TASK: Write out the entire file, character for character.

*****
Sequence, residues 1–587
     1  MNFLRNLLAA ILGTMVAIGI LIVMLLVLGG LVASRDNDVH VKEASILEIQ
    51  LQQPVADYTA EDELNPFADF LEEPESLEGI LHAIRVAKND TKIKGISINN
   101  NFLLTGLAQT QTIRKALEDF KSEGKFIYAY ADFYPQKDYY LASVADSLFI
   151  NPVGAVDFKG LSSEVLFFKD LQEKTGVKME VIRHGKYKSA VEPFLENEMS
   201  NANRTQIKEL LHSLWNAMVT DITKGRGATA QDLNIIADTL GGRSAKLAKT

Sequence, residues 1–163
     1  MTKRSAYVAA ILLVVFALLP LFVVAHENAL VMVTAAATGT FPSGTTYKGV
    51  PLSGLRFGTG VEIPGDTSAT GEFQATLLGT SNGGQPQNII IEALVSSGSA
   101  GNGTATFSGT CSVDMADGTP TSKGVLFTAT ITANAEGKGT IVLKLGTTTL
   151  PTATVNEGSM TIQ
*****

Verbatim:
Sequence, residues 1–587
     1  MNFLRNLLAA ILGTMVAIGI LIVMLLVLGG LVASRDNDVH VKEASILEIQ
    51  LQQPVADYTA EDELNPFADF LEEPESLEGI LHAIRVAKND TKIKGISINN
   101  NFLLTGLAQT QTIRKALEDF KSEGKFIYAY ADFYPQKDYY LASVADSLFI
   151  NPVGAVDFKG LSSEVLFFKD LQEKTGVKME VIRHGKYKSA VEPFLENEMS
   201  NANRTQIKEL LHSLWNAMVT DITKGRGATA QDLNIIADTL GGRSAKLAKT

Sequence, residues 1–163
     1  MTKRSAYVAA ILLVVFALLP LFVVAHENAL VMVTAAATGT FPSGTTYKGV
    51  PLSGLRFGTG VEIPGDTSAT GEFQATLLGT SNGGQPQNII IEALVSSGSA
   101  GNGTATFSGT CSVDMADGTP TSKGVLFTAT ITANAEGKGT IVLKLGTTTL
   151  PTATVNEGSM TIQ